Larry, Wow! I hope your better with your $800 Frankenstein than you are writing a review. 14 (arguably 22 if written properly) sentences about, well just about everything in your mind but the Dan Wesson the article was written about. Thanks for adding it at the end, just in time for my retirement. Take it from an old soldier…B.L.U.F. It means: Bottom Line Up Front.
Just kidding.(sort off). You really should try one. I have three….and my friend, if you ever have been in a gunfight, you would know tacky grips are exactly what you want. That’s just a little fun with words… I can’t ever remember fashion points added or taken away while in contact.
I have two dan Wessons and will never part with them. You can pay more but you won’t get more…pure quality…
Kimber addressed all of the issues of a compact .45 with the introduction of the CDP many eon’s ago and have continually improved with variations since.
Another compact worthy of consideration is the all steel Sig Compact Nitron. It out shoot’s many of it’s bigger brothers and with a proper holster weight and concealment is not really an issue.
I’m sure the featured Dan Wesson is a fine firearm but if Dan Wesson only makes firearms for individuals with really deep pockets I’ll stick to my Sig’s and Kimbers with a nod to S&W.
I just want my old Detonics back…. That was my ultimate compact .45 ACP.
Great article showing why one can carry a smaller 1911. Own three Kimber Ultras. Have the Ultra CDP in 9mm and 45ACP and had Ultra Crimson in 45ACP (sold it when I bought CDP). CDP Came with ambi safety which I removed because do not want even the remote possibility of catching/hitting the strong side safety on anything that might accidentally release the safety. Both have laser grips and night sights (back up for laser). Carry AIWB using Keeper holster and there are times I almost forget the gun is there. I am 5” 7”, average build, 67 years old & nothing unusual about me or my body – have no problems with concealment. Have never had to draw my gun & hope to live another 67 years without drawing.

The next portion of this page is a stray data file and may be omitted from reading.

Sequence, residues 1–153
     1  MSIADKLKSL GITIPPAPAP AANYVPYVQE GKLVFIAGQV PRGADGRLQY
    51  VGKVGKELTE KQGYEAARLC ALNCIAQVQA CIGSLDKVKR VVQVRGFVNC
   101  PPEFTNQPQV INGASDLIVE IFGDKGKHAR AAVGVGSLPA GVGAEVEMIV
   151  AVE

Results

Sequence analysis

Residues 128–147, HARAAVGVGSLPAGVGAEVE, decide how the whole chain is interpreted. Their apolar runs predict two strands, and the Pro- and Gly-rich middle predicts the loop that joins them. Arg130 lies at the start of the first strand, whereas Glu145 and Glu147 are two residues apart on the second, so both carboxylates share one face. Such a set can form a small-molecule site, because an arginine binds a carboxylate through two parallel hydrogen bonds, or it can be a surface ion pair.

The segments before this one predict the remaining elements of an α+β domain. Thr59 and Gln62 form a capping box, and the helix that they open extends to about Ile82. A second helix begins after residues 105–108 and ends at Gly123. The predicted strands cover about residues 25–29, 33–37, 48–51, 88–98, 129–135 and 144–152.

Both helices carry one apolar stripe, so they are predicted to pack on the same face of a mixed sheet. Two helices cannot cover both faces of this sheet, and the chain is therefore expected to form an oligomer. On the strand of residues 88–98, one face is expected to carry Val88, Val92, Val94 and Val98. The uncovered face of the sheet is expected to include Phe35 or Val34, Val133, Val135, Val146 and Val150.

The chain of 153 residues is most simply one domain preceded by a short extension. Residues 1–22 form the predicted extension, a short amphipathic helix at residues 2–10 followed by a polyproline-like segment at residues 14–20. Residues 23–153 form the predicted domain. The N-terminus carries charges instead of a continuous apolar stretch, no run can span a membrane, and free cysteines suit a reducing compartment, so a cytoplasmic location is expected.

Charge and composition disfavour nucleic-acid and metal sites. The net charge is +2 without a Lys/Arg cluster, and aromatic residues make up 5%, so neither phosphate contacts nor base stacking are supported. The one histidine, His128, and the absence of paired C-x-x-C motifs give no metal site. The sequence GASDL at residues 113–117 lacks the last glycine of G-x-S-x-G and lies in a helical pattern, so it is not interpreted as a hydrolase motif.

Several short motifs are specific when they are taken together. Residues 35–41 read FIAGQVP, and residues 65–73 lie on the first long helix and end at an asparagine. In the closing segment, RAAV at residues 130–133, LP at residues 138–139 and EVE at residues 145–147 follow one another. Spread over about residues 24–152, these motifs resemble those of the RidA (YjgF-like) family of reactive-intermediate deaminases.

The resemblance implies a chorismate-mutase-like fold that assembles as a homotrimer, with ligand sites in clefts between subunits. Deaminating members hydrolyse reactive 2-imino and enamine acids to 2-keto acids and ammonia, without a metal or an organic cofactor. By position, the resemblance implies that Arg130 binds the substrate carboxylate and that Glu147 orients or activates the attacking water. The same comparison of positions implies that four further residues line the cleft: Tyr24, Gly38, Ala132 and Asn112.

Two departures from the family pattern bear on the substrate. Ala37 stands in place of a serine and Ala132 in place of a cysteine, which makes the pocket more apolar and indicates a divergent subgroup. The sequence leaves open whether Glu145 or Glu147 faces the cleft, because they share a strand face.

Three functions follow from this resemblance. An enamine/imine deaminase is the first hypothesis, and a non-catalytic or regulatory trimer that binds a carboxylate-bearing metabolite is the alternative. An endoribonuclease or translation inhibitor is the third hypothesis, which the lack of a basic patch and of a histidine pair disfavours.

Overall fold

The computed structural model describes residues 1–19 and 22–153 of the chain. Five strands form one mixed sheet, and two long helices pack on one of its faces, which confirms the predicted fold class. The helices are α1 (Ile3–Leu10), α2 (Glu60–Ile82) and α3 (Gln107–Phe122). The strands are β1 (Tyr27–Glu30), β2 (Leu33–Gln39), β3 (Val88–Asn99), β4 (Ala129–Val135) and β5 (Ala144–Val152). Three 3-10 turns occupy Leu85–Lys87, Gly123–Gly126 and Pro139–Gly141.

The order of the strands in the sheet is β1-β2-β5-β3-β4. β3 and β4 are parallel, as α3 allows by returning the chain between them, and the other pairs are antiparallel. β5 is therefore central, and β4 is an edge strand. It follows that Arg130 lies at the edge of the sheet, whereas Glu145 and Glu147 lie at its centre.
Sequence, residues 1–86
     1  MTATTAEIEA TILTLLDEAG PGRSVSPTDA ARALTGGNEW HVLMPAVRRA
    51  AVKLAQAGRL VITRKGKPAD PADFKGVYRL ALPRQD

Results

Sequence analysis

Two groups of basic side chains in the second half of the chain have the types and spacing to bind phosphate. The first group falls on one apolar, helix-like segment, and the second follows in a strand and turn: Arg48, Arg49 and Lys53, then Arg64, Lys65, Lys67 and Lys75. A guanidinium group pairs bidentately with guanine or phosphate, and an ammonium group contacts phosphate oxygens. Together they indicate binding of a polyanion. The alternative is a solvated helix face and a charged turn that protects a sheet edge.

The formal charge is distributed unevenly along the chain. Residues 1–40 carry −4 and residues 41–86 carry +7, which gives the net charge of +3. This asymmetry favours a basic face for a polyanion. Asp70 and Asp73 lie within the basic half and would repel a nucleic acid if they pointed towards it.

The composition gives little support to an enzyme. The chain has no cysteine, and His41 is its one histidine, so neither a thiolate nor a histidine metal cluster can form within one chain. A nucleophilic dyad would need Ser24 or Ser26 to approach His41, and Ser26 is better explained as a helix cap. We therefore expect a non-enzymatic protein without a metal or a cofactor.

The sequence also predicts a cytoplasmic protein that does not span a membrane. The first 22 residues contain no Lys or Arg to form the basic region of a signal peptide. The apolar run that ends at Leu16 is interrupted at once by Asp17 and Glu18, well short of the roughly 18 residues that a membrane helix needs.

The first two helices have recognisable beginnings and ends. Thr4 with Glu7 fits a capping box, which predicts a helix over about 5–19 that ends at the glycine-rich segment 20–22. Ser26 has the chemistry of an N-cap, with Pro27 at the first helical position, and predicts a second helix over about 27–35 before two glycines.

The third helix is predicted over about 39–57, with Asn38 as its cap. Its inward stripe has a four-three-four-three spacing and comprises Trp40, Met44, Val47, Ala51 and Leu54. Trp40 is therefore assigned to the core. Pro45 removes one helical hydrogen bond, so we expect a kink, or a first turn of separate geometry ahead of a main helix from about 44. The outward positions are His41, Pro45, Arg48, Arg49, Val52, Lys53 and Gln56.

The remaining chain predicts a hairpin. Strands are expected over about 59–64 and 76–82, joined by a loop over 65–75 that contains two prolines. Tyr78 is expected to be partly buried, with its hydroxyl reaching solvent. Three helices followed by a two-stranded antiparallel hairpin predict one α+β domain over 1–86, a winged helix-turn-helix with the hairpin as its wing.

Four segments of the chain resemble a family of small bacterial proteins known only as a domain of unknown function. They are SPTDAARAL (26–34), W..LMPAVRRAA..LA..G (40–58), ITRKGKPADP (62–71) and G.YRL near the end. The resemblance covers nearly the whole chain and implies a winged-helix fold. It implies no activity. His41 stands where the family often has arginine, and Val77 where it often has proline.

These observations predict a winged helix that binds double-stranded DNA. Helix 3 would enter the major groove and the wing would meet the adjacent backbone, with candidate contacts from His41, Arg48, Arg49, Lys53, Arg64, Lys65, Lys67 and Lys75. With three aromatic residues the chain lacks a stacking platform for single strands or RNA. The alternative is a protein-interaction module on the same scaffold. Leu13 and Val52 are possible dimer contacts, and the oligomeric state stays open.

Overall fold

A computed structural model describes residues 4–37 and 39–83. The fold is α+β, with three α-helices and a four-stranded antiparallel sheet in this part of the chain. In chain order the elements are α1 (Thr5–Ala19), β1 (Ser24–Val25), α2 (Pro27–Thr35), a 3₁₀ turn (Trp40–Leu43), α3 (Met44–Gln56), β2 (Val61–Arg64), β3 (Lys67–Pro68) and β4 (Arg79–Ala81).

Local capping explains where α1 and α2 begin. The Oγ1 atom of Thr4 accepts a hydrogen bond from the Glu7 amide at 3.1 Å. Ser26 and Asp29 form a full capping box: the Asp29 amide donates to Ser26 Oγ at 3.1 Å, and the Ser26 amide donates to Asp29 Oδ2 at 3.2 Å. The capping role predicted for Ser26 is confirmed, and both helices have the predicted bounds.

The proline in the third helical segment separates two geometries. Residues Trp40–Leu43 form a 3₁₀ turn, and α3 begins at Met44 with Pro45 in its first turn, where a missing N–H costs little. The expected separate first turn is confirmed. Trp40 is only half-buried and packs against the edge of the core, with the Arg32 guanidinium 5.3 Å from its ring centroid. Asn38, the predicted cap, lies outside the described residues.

Have put around 10,000 rounds through the two 45ACP without a problem. Only about 2,000 through 9mm. Use mostly aluminum or brass Blazer Brass & so far so good.
Have Springfield Mod.2 in 9mm & 45 ACP and really like them both. Prefer to carry Ultra 1911. I usually buy same handgun in both calibers because they handle similarly. Also prefer handguns with grip safety. Less chance of negligent discharge which could be a killer with AIWB.
The Ruger SR1911 CMD is a great alternative 45 Cal conceal carry pistol. Slightly smaller, narrower, and lighter than the full size Ruger 1911, it is suggested MSRP at $899 on the Ruger site. My recent purchase cost locally was $673 including Illinois sales tax. It has a 7 round capacity and a titanium feed ramp in an aluminum frame for smooth ammo feeding. The stainless steel slide and bushing are from the same stock making the pistol one of reasonable accuracy. My range experience showed no FTF or FTE using various brands of 45 Cal ammunition. Accuracy out of the box was excellent at ranges from 7 -25 yards. This is an affordable and reliable 1911 for the range, field carry, or conceal carry. I have owned several 1911s (various brands) and am very pleased with this recent acquisition.